Potatoes – This year’s crop was very tasty but not plentiful. The largest yields came from the second earlies that I had grown in the Vital Earth’s punchy peat-free compost. The other tubs contained a much inferior but more readily available peat-free mix that I had bought out of time constraints. And I paid the price for it! When it comes to gardening, the soil really is the key ingredient so I’ll have to be more organised next year. I also learnt of another way to maximise potato yields in small spaces. Apparently it’s possible to grow a second batch of first earlies in late summer to ensure a modest crop of potatoes at Christmas, something I shall definitely try next year.

Tomatoes – I was very relieved not to have a reoccurrence of blight but I’ve realised that I should stick to bush tomatoes. With limited space and a north easterly aspect, I just don’t get enough sun to ripen up my cordons of Ailsa Craig and Black Russian. Better to select various bush or tumbling varieties that produce an abundance of cherry tomatoes in quick succession!

Grow your own vegetables

Abundance everywhere but the tomatoes refuse to ripen

And the less obvious yields

Compost – As I said, good soil truly is an essential ingredient for a productive garden. Well rotted compost is the key! We’ll always have to import some but I have squeezed in two compost bins to make as much as I can in our tiny space. This year, much to my delight I harvested rich, crumbly compost from the Dalek shaped one. Throughout the months of feeding the vat, turning the contents and waiting, you have to trust that the mix will do its thing, and then one day you open the bin to find dark brown, fresh smelling soil. When harvesting this precious material, it’s hard not to feel a connection with ancient civilisations. After all, without compost there would have been no agriculture and without agriculture no civilisations!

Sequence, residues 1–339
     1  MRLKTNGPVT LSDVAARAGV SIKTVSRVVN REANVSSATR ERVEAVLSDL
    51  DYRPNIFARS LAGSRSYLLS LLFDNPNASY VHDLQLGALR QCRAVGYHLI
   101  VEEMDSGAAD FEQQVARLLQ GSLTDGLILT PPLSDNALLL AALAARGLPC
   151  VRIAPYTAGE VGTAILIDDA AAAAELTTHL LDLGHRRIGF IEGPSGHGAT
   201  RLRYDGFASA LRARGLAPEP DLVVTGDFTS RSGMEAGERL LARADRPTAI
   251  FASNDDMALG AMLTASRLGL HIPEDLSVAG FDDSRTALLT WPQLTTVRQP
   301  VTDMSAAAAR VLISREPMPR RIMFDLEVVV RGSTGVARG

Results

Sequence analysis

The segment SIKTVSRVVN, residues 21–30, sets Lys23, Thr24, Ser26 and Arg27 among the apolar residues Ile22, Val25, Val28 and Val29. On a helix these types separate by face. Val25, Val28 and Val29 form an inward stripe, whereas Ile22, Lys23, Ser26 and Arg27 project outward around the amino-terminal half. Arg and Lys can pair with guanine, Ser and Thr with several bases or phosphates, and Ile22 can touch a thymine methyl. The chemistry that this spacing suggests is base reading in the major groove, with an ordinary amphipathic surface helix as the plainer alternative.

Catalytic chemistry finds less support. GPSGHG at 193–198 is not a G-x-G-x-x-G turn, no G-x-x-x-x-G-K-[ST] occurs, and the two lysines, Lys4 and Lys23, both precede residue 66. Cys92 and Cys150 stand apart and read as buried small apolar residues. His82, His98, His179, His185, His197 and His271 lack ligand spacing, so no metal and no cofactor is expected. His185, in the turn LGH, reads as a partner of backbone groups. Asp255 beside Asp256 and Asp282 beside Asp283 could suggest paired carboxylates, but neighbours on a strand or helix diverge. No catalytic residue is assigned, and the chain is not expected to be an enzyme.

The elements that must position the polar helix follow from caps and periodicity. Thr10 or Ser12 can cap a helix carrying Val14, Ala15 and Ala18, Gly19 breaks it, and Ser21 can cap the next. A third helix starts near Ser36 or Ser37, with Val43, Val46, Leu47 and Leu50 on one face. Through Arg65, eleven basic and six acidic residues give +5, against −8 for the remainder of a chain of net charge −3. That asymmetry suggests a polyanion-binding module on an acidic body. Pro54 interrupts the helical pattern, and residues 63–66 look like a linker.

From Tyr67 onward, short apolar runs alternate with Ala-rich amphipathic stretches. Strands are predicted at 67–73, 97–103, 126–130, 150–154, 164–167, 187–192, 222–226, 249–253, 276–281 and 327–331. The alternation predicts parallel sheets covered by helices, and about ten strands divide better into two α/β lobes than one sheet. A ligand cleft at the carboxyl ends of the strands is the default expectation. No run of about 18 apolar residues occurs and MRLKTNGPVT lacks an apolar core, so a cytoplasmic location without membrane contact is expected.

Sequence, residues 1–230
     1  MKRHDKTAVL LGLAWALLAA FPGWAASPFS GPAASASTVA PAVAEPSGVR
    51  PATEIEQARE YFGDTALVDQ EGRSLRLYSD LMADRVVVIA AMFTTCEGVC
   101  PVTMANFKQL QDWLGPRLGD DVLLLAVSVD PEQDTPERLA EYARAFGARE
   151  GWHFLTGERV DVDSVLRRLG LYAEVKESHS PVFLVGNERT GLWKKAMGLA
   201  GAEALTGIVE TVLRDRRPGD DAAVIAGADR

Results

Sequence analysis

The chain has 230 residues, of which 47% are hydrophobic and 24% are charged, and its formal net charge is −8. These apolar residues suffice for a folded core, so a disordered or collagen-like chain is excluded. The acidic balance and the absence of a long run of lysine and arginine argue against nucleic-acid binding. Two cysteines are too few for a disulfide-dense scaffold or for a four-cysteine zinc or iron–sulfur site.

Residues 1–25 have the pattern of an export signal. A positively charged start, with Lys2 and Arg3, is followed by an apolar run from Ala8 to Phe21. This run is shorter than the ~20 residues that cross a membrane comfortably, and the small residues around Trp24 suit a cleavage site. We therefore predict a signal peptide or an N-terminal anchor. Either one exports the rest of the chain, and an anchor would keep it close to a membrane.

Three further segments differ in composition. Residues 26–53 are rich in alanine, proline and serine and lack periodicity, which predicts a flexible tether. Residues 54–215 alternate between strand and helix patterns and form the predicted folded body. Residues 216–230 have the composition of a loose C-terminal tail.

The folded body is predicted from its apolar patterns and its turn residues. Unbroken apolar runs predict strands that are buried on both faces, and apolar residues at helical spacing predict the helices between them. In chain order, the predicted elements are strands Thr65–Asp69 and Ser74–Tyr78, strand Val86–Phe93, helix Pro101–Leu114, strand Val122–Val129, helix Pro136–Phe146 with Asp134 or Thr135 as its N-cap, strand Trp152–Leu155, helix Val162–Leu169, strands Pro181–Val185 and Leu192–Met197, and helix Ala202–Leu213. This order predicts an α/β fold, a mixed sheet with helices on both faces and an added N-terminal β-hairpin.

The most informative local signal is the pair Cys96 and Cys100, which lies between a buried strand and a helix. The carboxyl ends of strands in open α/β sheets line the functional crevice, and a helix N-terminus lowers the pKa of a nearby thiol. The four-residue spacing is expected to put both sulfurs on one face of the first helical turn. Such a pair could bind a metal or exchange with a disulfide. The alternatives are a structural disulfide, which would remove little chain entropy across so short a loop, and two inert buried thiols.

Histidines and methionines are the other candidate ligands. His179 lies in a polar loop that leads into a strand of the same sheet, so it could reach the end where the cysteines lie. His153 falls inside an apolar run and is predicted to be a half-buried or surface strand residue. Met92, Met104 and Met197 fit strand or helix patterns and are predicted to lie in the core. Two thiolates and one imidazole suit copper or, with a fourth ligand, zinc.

Leafmould – I was incredibly excited last week: I harvested my first batch of leafmould ever. This medium is the ultimate no-hassle garden crop. All you need is leaves, space and patience. I can muster the last but in a patio garden the first two are more problematic. I managed to find a corner in the darkest part of the patio for a homemade wire bin. The sycamore in the neighbour’s garden provides some leaves each year but most came from me sweeping up leaves in little parks nearby (i.e. by me importing waste). The result is a crumbly dry medium that I can combine with our compost and a little perlite to make peat-free potting mix.

Home-made leafmould

Imported waste & patience turned into a useful growing medium

Wildlife – Wildlife, like good soil, is essential for a bountiful garden. When we moved in five years ago, our garden was as barren as the surrounding ones but over the years my efforts have brought creepers, crawlers and flutterers to our backyard. The hoverflies, ladybirds and bees are particularly delightful. This year, we’ve not only admired boisterous bumblebees and contented solitary bees but we also spotted mason bees in abundance. And the variety of birds has also taken off. My heart lept when I saw sparrows in the garden. I know, these little birds may not look remarkable but as they are in decline in urban Britain, discovering them is a joy. And when I discovered song thrushes rioting over the legions of snails I felt I was winning… not a major victory in the global scheme but a victory nonetheless!